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Taximeter increase — After multiple temporary extensions, universities can finally breathe a collective sigh of relief. On the Danish government’s 2024 budget is an increase in government subsidies that will be made permanent from 2025.
The Danish coalition government has just presented its proposal for the 2024 budget. And for those interested in universities’ finances one particular item stood out among the many priorities.
The 2024 proposal states that the so-called taximeter increase for the humanities and social sciences will be extended into 2024. And it will be made permanent in conjunction with a reform of master’s degrees in 2025.
The humanities and social sciences will therefore continue to receive around DKK 300 million extra a year in government subsidies, corresponding to DKK 5,808 per student full-year equivalents (a student who passes exams equivalent to one year, ed.). This is according to the Danish Ministry for Higher Education and Science.
»It is very positive that we now make this increase permanent. This was a request from the universities, which we have now addressed politically. It will benefit up to 80,000 students from study programmes like history, law, economics and psychology throughout the country, from Sønderborg to Copenhagen,« Minister for Higher Education and Science Christina Egelund (Moderate Party) says in a written comment to the University Post.
It’s nice that we no longer have to sit there with a lump in our throats worrying that we’ll be millions of kroner in the red.
Prorector for Education at University of Copenhagen, Kristian Cedervall Lauta
Different sums of money are allocated to study programmes, depending on the resources required. Chemistry, for example, gets more public funding than the Danish programme, and this is determined by the so-called taximeter system.
But a report back in 2009 by the consultancy firm McKinsey showed that courses in the humanities, the social sciences, theology, and law were underfunded relative to other university programmes. This could be seen in fewer teaching hours and more non-research-active lecturers than on the other university degree programmes.
A boost to the taximeter subsidies was therefore introduced in 2010. Since then it has provided annual subsidies to humanities, law, theology, and social sciences programmes so that they could get to the level of the other university programmes.
The University of Copenhagen’s prorector for education Kristian C. Lauta is pleased that the increase in subsidies is finally made permanent.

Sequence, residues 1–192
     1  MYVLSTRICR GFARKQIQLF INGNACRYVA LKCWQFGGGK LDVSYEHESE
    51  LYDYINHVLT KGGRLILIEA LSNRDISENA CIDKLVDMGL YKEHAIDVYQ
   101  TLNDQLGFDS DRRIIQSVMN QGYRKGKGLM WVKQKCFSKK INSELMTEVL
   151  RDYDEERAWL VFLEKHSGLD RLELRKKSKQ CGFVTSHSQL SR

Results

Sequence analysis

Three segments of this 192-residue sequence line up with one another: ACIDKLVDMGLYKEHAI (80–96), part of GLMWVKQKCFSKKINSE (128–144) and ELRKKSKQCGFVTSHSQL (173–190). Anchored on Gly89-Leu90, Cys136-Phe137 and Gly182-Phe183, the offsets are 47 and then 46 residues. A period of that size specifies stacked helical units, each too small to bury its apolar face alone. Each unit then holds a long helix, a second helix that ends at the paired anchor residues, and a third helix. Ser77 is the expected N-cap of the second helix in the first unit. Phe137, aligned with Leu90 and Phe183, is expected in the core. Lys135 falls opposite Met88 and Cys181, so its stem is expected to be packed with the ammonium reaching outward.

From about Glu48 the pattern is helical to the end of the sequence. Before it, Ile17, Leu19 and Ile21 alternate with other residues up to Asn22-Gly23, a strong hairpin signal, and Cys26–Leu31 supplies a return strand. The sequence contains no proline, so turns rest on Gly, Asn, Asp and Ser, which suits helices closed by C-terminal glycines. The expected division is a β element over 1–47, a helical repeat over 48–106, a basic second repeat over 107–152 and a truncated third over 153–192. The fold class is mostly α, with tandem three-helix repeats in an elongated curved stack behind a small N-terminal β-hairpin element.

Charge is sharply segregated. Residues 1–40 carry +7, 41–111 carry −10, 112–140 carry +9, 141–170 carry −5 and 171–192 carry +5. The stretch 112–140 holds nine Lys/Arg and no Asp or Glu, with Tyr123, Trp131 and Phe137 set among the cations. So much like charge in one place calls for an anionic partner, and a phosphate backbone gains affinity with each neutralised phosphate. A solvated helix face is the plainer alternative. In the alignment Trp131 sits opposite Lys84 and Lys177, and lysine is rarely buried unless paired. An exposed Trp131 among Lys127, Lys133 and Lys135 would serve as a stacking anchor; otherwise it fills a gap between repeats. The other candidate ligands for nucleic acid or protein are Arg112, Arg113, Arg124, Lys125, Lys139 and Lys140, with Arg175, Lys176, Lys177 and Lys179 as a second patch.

»It is gratifying that we will have the peace of mind about this rate increase for social and human science subjects. We still need them if we are to ensure the quality boost that it was originally intended to cover,« says Kristian C. Lauta.
The taximeter increase has in recent years been extended one to three years at a time, most recently in the 2023 budget. In January 2022 the former Social Democrat government, with the Socialist People’s Party, the Danish People’s Party, the Social Liberals and the Christian Democrats, agreed to permanently maintain the increase. But after the 2022 parliamentary elections, there was no longer a political majority behind it, and the boost to the taximeter was dropped.
The funds are important for being able to deliver high quality graduates within a wide range of fields.
Dean Kirsten Busch Nielsen, Faculty of Humanities
»It’s nice that we no longer have to sit there, with a lump in our throats, worrying that we’ll be millions of kroner in the red every time a new budget bill is presented,« says Kristian C. Lauta, who was not quite as worried this time round as previously.
»We knew that the increase would be made permanent in conjunction the master’s degree reform in 2025, so it was difficult for us to imagine that the government would not also extend it in 2024,« he says.
Kirsten Busch Nielsen is dean at the Faculty of Humanities, and she reckons that the permanent taximeter increase is important to ensure the quality of the humanities programmes.
»We are, of course, pleased that the grant is in place and has been made permanent. The funding is important in terms of being able to deliver high quality graduates within a wide range of fields. For the university, not getting the funding would be a big loss, and would negatively affect education programmes,« Kirsten Busch Nielsen writes in a written comment.
»On top of this, the stability that comes from the funding being made permanent is really essential for our work. So it’s good for everyone that it’s in place,« she adds.